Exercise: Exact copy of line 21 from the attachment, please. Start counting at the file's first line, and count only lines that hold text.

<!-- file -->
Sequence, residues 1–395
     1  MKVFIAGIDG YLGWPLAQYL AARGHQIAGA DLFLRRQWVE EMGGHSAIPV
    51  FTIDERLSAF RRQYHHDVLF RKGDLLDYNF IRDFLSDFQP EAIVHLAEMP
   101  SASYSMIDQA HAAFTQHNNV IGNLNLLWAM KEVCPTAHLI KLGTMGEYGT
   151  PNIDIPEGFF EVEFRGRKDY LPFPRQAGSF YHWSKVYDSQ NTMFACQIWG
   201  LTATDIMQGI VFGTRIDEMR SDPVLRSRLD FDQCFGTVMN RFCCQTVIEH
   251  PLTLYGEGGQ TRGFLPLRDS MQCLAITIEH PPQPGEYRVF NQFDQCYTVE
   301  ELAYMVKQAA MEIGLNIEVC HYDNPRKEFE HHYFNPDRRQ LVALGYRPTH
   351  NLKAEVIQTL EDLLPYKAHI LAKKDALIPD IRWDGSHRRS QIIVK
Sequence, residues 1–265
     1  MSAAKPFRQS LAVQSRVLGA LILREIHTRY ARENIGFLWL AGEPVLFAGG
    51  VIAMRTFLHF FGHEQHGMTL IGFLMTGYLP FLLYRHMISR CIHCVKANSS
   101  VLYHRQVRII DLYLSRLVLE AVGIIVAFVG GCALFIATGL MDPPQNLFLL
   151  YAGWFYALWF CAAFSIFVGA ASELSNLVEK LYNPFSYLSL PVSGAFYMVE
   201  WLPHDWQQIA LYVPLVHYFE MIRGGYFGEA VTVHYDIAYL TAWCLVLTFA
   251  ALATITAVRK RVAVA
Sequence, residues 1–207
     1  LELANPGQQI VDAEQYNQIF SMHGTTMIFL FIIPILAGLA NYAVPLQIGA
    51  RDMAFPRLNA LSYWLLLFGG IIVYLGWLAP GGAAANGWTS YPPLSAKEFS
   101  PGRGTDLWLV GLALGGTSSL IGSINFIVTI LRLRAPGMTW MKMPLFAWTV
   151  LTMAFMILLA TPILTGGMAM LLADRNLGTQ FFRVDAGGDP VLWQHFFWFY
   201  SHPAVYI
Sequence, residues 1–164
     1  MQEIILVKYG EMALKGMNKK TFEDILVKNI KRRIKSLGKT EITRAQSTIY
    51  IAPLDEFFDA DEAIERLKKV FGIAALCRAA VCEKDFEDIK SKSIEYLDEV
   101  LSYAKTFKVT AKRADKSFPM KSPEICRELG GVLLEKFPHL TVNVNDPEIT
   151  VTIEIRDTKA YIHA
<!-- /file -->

   151  LTMAFMILLA TPILTGGMAM LLADRNLGTQ FFRVDAGGDP VLWQHFFWFY